Expanding a Village's Access to Water

Dynamic duo in the School of Computing and Engineering reflects on service trip to Panama
Engineers without Borders mentor, George White Jr. in conversation with civil engineering student and president of Engineers without Borders at UMKC, Jewel Janke

The heart of UMKC is our campus community. With small class sizes and lots of opportunities, it’s easy to develop student mentorship teams. And these rich relationships—our Dynamic Duos—are some of our best success stories.

Jewel Janke, a senior civil engineering student and president of the UMKC chapter of Engineers Without Borders, arrives at the engineering lab before George White Jr. (B.S.C.E. '13), mentor for Engineers without Borders. She mentions she hasn’t seen White since their trip to the Panama province of Coclé in January, but when he enters so does a familiar vibe that comes from traveling nearly 11,000 miles together.

In previous trips, Engineers Without Borders designed and implemented a system that delivers water from the source (a natural spring) to the village’s center. This year’s trip was to assess the best route to build a line off the existing system that would allow 10 more families (approximately 75 people) access to water year-round. During the three-to-four months that make up the dry season, those villagers hike, almost daily, to the source and carry as much water back as they can.

“The stress that hiking miles for water puts on a family. That’s the pressure point Engineers Without Borders is trying to alleviate.” George White Jr.

Speaking to the challenging nature of that hike White says, “I’m talking mountains, some people think differently, but I’m calling them mountains. It was up and down, up and down. Some rugged terrain.”

Although Janke wouldn’t call them mountains she concedes that it was “really, really hilly.”

“Extremely hilly,” White interjects.

George White Jr. and Jewel Janke laughing together in engineering lab
Photo by Brandon Parigo

Since becoming involved with Engineers Without Borders last summer, White, a lead civil/site engineer at Black & Veatch and director-at-large for the School of Computing and Engineering Alumni Association Board, has hit his stride with the group saying, “With data gathered during the last trip, I’ve been able to utilize some of my skills to help the students.” It was a happy coincidence that White has previous experience in plumbing since most of the system is made up of plastic PVC pipes, storage tanks and valves.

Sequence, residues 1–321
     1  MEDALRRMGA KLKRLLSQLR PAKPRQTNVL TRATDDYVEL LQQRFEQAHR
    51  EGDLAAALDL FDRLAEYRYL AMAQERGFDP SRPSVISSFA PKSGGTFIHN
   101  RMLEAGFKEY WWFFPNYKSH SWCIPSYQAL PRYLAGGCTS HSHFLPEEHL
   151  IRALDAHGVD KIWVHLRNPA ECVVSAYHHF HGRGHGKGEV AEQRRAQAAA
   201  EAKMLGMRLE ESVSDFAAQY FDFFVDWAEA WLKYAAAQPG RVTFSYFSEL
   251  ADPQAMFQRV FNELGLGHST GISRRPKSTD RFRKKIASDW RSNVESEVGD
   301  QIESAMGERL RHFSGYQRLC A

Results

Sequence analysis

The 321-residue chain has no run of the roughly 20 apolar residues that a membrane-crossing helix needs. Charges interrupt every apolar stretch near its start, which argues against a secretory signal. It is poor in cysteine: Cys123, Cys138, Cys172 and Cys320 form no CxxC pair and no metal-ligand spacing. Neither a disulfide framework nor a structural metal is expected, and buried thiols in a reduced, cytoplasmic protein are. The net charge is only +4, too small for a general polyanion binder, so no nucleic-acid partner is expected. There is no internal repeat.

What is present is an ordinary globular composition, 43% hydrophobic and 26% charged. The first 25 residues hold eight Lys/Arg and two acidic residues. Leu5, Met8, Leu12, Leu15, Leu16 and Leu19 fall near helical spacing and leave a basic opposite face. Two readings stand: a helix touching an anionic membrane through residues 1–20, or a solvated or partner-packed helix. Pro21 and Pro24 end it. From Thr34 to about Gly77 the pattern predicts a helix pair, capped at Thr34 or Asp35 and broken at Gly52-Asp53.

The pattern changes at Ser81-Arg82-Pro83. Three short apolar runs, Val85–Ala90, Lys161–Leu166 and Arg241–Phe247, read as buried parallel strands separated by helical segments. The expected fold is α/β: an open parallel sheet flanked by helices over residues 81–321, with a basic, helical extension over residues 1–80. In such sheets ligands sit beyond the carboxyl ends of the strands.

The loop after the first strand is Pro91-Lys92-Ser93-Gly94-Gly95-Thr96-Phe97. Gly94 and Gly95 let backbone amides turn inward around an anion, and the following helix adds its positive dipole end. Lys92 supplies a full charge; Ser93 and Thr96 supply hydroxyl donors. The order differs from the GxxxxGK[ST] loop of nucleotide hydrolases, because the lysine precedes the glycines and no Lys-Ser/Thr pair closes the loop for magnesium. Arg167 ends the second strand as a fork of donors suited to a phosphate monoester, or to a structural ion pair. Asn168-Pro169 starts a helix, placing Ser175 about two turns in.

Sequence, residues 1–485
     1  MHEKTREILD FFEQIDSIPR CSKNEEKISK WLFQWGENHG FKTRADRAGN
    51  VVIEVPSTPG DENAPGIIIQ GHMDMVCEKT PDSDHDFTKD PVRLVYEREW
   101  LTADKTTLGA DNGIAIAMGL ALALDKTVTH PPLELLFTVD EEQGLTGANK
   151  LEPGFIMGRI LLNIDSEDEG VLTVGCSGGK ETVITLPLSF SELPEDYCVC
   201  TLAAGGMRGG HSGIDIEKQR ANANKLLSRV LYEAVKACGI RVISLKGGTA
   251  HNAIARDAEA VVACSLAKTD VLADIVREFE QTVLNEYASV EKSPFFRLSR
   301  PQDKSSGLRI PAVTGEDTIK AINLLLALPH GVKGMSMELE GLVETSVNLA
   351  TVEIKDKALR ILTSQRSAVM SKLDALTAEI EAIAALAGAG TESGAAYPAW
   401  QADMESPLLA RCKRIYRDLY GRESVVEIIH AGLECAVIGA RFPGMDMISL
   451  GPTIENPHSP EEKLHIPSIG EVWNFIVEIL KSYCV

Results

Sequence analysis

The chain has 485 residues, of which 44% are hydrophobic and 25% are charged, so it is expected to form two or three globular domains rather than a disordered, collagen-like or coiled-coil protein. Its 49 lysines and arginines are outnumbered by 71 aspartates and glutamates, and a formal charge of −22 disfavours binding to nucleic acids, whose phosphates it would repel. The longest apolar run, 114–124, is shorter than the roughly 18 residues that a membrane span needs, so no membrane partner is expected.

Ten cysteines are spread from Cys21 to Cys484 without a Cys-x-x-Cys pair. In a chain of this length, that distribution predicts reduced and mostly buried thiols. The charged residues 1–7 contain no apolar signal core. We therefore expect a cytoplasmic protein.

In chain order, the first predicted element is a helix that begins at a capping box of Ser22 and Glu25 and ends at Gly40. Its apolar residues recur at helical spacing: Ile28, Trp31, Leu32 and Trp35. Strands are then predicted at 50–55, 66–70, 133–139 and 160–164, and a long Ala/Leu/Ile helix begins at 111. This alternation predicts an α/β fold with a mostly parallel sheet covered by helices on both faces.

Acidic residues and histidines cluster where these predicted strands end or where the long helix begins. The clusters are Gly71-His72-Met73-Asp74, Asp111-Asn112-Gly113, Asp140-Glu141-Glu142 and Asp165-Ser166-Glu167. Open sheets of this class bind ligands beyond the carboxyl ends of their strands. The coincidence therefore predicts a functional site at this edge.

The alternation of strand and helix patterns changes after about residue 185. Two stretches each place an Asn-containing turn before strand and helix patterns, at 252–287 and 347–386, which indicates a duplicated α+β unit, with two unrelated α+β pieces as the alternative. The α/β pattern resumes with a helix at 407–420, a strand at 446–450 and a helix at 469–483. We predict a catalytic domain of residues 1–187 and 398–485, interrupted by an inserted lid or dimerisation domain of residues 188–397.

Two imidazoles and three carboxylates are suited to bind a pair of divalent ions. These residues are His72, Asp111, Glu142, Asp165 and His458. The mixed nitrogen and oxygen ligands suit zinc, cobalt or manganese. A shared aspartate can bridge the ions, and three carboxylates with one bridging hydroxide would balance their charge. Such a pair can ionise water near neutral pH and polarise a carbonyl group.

His favorite thing about working with the students? "...Seeing their ingenuity in action. For example, working to communicate efficiently with the people we are serving Panama or figuring out the technical details of the design, there is always a problem to solve," White says.

One thing the two happily agree on is the sense of camaraderie that was a hallmark of the trip.

Sharing experiences over dinner each evening with the group was one of White's favorite memories. Janke recalls one special dinner at Maria Nicolasa's house, president of the water committee, that overlooks the jungle in Panama. "We had spent the day surveying the extension. Many of us discovered blisters on our feet when we finally had the opportunity to sit down and take our shoes off. We were in two groups that day so we caught each other up on what we'd been doing and relaxed. It was the perfect end to a long day," Janke remembers.

Clockwise from top right: George White in Panama, villager in Panama at water spout, group photo in Panama of SCE students who went on the trip, students working on water tanks in Panama

Right now, students are designing the new branch of the system. Once approved by the national Engineers Without Borders chapter, the next trip will involve trenching and building. Although Janke graduates in May, she looks forward to seeing the project completed in the next several years.

Want to help build the next leg of the water system?

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Learn more about School of Computing and Engineering

Published: Apr 26, 2019

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